Process and post-process: A discursive history

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79 Scopus citations


While the term post-process can be useful as a heuristic for expanding the scope of the field of second language writing, the uncritical adoption of this and other keywords can have serious consequences because they often oversimplify the historical complexity of the intellectual developments they describe. In order to provide a critical understanding of the term post-process in its own historical context, this article examines the history of process and post-process in composition studies, focusing on the ways in which terms such as current-traditional rhetoric, process, and post-process have contributed to the discursive construction of reality. Based on this analysis, I argue that the use of the term post-process in the context of L2 writing needs to be guided by a critical awareness of the discursive construction process. I further argue that the notion of post-process needs to be understood not as the rejection of process but as the recognition of the multiplicity of L2 writing theories and pedagogies.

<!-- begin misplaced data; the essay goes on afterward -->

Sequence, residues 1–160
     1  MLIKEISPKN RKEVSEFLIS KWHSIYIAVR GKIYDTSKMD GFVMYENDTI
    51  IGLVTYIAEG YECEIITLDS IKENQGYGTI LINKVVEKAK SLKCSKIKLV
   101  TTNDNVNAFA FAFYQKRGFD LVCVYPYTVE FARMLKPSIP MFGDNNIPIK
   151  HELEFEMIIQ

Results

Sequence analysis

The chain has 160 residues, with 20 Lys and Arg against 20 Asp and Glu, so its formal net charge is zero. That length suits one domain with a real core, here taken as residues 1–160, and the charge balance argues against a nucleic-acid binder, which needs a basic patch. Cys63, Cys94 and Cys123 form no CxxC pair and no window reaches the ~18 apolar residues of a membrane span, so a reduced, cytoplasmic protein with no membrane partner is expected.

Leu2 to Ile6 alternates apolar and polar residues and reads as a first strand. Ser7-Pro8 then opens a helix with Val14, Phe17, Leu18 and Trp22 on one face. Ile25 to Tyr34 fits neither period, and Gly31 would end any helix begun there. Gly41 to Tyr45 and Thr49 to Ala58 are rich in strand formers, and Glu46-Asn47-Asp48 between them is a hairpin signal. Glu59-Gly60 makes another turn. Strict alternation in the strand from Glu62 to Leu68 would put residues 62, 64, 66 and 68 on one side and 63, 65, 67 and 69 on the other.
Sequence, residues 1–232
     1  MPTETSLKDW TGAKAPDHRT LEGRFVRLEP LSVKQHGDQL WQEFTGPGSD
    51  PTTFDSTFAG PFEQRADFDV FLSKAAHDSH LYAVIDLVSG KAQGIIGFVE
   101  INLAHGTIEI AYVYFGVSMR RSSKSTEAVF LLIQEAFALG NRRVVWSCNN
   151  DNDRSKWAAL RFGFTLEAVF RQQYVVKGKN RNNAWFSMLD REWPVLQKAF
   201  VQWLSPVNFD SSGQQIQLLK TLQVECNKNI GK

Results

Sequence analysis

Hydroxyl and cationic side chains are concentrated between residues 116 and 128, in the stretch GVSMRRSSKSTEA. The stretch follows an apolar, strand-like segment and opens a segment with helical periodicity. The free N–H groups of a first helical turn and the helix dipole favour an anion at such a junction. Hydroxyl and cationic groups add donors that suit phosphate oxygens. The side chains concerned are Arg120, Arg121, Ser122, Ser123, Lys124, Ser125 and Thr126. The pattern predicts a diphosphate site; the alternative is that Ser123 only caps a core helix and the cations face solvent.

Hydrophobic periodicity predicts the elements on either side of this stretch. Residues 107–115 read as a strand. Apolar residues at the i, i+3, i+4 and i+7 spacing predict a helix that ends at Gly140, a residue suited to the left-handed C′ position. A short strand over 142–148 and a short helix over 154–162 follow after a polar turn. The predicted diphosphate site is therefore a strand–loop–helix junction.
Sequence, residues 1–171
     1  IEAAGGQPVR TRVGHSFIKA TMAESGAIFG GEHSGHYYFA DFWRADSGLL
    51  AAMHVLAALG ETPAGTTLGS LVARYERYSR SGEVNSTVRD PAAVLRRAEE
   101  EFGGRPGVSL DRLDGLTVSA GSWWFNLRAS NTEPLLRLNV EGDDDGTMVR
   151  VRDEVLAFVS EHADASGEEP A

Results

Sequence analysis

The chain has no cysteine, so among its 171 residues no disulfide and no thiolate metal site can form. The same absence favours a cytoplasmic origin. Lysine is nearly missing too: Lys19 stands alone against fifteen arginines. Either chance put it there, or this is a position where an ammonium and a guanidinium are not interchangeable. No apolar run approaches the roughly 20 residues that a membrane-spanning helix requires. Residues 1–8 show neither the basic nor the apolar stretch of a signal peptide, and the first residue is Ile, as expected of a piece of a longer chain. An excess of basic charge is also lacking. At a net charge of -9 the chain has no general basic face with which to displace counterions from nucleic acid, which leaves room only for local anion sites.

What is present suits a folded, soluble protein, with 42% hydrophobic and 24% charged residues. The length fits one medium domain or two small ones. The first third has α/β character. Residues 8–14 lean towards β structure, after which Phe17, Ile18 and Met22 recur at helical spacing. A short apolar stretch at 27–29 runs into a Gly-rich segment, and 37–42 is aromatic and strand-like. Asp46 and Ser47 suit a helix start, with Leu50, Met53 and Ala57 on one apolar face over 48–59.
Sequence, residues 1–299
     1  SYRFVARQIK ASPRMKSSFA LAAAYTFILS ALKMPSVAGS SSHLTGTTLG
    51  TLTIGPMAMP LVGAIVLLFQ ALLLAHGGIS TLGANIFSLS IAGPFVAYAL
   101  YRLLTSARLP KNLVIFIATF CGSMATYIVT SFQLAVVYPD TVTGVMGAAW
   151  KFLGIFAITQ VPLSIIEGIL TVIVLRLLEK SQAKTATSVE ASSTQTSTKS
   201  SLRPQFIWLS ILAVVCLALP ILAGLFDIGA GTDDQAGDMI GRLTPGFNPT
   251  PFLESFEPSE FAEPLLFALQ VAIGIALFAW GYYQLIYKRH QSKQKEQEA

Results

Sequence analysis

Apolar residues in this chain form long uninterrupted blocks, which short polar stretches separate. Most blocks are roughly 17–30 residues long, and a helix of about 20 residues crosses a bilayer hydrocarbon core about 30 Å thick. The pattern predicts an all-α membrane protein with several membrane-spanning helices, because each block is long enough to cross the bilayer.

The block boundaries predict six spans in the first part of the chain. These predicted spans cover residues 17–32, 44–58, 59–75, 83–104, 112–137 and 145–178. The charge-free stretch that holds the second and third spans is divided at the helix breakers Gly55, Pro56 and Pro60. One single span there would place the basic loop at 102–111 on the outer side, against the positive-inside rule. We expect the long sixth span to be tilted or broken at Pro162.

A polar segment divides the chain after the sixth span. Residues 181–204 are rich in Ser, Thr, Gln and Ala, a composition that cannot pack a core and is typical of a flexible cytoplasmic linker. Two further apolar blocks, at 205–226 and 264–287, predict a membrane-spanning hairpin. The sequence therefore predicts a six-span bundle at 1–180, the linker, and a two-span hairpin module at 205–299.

Original languageEnglish (US)
Pages (from-to)65-83
Number of pages19
JournalJournal of Second Language Writing
Issue number1
StatePublished - Feb 2003
Externally publishedYes


  • Composition studies
  • Current-traditional rhetoric
  • Discursive construction
  • History
  • Post-process
  • Process

ASJC Scopus subject areas

  • Language and Linguistics
  • Education
  • Linguistics and Language


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